A significant proportion of older workers have been forced to delay their retirement due to COVID-19 and a lack of financial preparedness. 

According to a new report by Close Brothers, just under one-fifth of workers aged between 65-74 and one in seven (14 per cent) aged between 55-64 have delayed their retirement plans in light of the pandemic.

These figures were attributed to a lack of financial preparedness, with a fifth of workers who are approaching retirement age admitting to not having an accessible savings fund for an occasion such as this.

It was workers in the 55-64 age group which were most likely to express the fact that they were financially unprepared (16 per cent). In contrast, only 5 per cent of employees aged 65-74 shared this sentiment.

However, young workers aged between 18-34 were the least prepared overall among the groups surveyed with a quarter (24 per cent) confessing that they were not financially ready for COVID-19.

As such, many employees have taken steps to fix this with three-quarters of employees (73 per cent) within the youngest age bracket saying they have made a change or plan to make a change to their financial preparedness. This was similarly reported by two in five (38 per cent) workers aged between 65-74 and almost half of workers (43 per cent) aged 55-64.

In light of this, confidence amongst employees regarding financial wellbeing is slowly increasing. A third of UK workers are more confident about weathering a fresh financial storm compared to before the pandemic (30 per cent).

Jeanette Makings, Head of Financial Education at Close Brothers commented:

The COVID-19 pandemic risks being a ‘sliding doors’ moment for UK employees and their employers. It has impacted financial health in a multitude of ways, with some suffering hardship, some having to postpone long held plans and others benefitting and adding to savings.

At the forefront of those best able to help employees improve their financial health are their employers; they are trusted, they can reach large numbers of people via the workplace, they already offer rewards and benefits that can be used to improve financial wellbeing and both employee and  business performance will benefit from improved financial health.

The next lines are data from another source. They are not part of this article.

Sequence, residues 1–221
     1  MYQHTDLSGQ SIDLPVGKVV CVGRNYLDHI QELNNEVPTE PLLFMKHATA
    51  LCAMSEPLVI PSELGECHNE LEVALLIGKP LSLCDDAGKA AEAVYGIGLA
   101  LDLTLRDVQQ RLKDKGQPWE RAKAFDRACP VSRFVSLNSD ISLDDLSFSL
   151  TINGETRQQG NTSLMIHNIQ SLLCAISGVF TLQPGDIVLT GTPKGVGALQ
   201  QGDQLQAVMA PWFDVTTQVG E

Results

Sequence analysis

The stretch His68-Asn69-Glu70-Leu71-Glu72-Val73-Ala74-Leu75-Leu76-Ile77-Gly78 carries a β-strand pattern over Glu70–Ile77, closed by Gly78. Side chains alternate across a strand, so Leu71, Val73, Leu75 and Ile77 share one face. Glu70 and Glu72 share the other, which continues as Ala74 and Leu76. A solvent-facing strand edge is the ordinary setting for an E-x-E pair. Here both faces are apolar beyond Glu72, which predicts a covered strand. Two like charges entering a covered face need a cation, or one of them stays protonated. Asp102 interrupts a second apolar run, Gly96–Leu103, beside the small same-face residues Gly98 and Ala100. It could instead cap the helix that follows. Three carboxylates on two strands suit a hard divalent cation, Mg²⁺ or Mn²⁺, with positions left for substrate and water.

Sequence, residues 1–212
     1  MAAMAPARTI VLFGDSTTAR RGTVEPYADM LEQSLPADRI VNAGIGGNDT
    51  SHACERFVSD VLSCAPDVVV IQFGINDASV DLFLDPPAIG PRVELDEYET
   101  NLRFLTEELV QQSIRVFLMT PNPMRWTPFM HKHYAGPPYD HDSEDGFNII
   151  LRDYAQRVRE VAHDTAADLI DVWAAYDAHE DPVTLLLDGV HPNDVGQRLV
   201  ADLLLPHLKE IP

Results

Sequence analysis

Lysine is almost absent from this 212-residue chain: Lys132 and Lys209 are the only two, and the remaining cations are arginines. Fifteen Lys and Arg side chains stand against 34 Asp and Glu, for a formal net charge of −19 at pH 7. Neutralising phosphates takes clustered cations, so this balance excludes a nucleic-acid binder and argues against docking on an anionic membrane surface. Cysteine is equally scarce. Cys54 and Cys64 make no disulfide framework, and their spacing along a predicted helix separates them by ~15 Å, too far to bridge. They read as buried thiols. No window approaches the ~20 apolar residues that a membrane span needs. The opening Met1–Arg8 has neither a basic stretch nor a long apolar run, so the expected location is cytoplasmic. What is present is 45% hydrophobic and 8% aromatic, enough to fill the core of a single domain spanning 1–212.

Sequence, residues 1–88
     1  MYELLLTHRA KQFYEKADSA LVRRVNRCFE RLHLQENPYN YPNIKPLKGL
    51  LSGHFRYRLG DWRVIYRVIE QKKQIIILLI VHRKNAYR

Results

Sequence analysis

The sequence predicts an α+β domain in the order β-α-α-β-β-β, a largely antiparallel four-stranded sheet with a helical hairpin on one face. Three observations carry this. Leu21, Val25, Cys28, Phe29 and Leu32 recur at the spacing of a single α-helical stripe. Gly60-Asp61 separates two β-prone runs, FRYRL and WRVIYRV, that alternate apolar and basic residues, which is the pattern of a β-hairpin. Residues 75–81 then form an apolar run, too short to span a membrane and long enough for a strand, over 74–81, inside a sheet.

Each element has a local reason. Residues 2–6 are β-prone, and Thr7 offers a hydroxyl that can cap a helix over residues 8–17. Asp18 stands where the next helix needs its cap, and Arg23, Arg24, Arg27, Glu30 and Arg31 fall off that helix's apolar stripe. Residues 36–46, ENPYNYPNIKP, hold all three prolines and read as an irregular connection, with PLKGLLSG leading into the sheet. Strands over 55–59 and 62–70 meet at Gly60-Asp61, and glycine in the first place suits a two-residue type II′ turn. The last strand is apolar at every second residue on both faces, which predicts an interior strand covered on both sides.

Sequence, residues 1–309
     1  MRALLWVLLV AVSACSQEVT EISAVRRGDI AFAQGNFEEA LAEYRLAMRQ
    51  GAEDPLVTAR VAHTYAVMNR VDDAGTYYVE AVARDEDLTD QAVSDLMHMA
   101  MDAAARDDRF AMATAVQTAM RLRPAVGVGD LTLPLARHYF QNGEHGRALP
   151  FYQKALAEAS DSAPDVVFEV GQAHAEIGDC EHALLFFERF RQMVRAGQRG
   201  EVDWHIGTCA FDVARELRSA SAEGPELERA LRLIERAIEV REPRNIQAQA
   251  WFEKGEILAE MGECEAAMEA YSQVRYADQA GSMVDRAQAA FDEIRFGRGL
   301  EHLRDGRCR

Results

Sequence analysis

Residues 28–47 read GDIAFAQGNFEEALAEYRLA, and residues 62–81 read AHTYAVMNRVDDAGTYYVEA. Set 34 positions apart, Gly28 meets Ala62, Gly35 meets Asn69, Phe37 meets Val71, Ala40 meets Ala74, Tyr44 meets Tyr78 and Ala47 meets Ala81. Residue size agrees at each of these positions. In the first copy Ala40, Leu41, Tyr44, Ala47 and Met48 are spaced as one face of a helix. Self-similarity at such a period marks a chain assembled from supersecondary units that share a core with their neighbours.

Understanding employees financial health as a whole, and knowing those that need most help, has to be the starting point to ensure that an inclusive, effective, and targeted financial wellbeing programme is implemented. A single channel, ‘one size fits all’ financial wellbeing approach is likely to fail many.

This has also been championed by the CIPD who, in their own research, found that half of employers do not have a financial wellbeing policy. The body outlined that a financial wellbeing policy should contain signposting to financial wellbeing advice, targeted financial education and revising benefits packages to include finance-friendly initiatives.

*Data was obtained from Close Brothers’ report ‘Expecting the unexpected’. This is based on a survey carried out on behalf of Close Brothers by Opinium. The sample was 2,000 UK based employees working for companies with 200 or more workers. The research was carried out between 22nd and 28th January 2021.






Monica Sharma is an English Literature graduate from the University of Warwick. As Editor for HRreview, her particular interests in HR include issues concerning diversity, employment law and wellbeing in the workplace. Alongside this, she has written for student publications in both England and Canada. Monica has also presented her academic work concerning the relationship between legal systems, sexual harassment and racism at a university conference at the University of Western Ontario, Canada.